There are many springs that feed into the Ichetucknee River located near Ft. White, Fl. This state park has wonderful recreational opportunities such as tubing, kayaking, swimming, snorkeling, and scuba diving. There are two large springs located at the North entrance that provide good access to swimming and snorkeling. There are local campgrounds and equipment rentals nearby.
Blue Springs Park in Gilchrist county has some of the clearest water of the springs in Florida. This private park has recently been purchased by the state to likely become a state park. They have a campground, kayak rentals, bathrooms with showers, and a nice boardwalk trail out to the Santa Fe River. Not only the springs but also the spring runs are a beautiful sight to behold under the water. As with all springs, it's a good idea to keep your feet off of the bottom to protect the fragile vegetation and to keep the water clarity from getting silted up. Be still and quiet in the water if you want to really observe the plentiful fish and turtle population there.
Some important things to know about the springs here in Florida have to do with just how fragile these systems are.
The aquifer and springs are facing challenges on multiple fronts. One form of impact comes from water pumping for residential, agricultural, and industrial use. Many of the springs' flow have been reduced drastically and some springs have stopped flowing altogether. More problems occur from pollution sources which include fertilizers, septic tank runoff, underground gas tanks, and other surface runoff making its way down to the very permeable aquifer. Finally, visitor use has its impacts including damage to aquatic and shoreline vegetation, erosion issues, littering, and stressing out wildlife.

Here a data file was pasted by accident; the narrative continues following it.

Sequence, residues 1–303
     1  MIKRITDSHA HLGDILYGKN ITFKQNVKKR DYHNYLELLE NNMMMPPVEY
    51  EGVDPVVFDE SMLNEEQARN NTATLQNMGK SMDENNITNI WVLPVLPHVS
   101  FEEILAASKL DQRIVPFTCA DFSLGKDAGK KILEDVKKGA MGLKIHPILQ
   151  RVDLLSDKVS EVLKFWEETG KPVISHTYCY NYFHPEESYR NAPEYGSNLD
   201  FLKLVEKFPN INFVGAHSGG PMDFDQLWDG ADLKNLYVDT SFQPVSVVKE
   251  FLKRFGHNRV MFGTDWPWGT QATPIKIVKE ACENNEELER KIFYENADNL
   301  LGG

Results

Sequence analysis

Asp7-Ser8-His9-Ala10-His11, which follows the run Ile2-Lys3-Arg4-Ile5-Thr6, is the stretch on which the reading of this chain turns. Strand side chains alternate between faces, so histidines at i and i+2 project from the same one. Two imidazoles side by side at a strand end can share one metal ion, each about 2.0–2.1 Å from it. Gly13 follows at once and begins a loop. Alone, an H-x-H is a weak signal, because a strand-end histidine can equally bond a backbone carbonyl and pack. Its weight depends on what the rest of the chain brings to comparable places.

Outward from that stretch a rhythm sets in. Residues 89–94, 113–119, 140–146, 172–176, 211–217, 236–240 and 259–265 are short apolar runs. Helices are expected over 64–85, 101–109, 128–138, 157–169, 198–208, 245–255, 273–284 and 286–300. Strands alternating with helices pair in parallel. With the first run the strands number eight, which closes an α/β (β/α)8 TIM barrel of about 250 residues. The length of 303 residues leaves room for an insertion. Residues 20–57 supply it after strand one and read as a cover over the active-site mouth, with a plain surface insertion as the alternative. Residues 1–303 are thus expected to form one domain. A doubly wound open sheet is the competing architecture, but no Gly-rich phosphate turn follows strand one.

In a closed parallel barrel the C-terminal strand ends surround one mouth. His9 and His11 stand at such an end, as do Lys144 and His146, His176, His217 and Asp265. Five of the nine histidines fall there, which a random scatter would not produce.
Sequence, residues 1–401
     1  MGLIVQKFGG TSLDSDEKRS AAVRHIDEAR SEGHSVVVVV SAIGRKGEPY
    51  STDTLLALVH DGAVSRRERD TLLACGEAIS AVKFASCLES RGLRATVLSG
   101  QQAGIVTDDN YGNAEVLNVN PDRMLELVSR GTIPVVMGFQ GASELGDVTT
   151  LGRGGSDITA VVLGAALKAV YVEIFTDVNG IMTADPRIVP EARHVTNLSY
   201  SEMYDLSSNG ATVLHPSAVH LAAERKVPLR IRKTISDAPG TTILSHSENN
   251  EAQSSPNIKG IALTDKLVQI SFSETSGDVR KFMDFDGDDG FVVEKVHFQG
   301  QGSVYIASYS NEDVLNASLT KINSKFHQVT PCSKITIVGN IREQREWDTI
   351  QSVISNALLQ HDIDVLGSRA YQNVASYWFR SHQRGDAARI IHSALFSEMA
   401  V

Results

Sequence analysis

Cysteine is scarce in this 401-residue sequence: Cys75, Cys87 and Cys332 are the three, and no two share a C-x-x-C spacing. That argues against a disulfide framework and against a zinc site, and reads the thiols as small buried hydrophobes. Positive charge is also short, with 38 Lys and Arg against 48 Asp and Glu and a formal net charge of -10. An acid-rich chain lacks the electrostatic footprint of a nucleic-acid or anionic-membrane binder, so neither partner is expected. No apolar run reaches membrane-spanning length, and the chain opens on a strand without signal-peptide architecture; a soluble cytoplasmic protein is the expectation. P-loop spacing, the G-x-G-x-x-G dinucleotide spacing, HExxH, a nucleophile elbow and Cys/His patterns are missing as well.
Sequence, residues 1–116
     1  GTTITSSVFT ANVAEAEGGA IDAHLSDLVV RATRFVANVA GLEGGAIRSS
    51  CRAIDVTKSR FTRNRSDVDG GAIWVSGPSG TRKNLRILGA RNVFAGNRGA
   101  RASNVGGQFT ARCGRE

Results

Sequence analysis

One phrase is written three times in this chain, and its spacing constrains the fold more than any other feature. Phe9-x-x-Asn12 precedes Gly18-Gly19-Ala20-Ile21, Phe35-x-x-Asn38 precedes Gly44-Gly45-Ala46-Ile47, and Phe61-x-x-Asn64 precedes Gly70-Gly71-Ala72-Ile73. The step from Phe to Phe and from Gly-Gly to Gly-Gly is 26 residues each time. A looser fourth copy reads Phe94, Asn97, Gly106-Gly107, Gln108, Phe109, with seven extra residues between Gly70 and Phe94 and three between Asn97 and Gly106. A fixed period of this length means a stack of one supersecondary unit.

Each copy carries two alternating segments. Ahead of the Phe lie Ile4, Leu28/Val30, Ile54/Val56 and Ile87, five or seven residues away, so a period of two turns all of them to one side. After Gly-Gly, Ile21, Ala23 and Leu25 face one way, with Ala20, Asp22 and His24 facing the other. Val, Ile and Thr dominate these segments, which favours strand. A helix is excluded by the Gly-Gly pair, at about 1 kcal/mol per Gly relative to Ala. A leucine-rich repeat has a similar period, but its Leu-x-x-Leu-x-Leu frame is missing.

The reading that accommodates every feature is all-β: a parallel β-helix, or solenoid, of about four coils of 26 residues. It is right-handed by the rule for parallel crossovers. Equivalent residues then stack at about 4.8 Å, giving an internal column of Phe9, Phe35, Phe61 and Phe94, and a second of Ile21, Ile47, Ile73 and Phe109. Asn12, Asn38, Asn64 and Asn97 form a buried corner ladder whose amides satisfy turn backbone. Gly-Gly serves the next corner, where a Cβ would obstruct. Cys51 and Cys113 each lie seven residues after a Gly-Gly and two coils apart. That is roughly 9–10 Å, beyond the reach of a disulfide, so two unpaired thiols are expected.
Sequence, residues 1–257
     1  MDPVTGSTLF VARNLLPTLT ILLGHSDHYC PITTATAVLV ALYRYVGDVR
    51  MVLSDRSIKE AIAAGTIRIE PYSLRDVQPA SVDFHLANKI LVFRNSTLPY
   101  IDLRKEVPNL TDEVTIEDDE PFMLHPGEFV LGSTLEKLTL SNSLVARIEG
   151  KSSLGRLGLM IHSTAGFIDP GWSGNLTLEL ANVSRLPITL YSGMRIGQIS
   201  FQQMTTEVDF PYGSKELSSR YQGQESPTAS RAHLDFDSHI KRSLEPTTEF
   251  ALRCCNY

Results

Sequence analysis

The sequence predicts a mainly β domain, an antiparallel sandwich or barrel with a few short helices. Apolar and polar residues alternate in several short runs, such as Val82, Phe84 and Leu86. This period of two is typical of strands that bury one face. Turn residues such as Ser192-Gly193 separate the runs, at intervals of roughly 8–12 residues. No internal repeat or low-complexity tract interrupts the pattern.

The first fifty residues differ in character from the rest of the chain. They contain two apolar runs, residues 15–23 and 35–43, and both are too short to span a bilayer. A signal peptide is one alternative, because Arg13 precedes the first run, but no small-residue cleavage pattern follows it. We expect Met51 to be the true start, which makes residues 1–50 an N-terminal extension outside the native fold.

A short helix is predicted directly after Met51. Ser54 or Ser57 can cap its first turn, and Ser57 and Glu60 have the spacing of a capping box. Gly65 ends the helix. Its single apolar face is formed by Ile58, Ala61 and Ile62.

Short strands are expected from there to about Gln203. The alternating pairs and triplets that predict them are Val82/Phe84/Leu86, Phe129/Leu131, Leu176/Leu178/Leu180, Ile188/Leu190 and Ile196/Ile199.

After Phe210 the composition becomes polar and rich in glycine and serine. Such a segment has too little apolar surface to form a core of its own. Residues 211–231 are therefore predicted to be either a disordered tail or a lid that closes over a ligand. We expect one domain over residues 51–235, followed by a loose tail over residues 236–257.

There is an impact with every action you take, both negative and positive. Be mindful in your actions and support healthy springs.
Here are some ways that you can make a difference to insure that these magical gems are protected.
•Choose foods that minimize overconsumption of water and over application of fertilizers, herbicides, and pesticides. More on this here.
•If there is the option to connect to a system that treats sewage, please do so. If you have a septic tank, make sure it is well maintained and in proper working order.
•When visiting springs, enter and exit the water using the proper designated routes or use hard surfaces such as roots or rocks to avoid creating erosion. While in the water, keep your feet off the bottom to prevent silting and damage to vegetation. Don't litter! Give Wildlife space. Do not approach any animals in their natural setting. Allowing them the space to practice their natural behaviors can be important to their survival.
•Tell your legislators that it is important to protect the springs and the aquifer! Get involved with organizations like The Florida Springs Institute and the Florida Springs Council as they fight to protect our greatest resource.
•Enjoy the springs. Tell your friends and family about the springs and their importance. Teach children about the aquifer and the springs!
Here they are!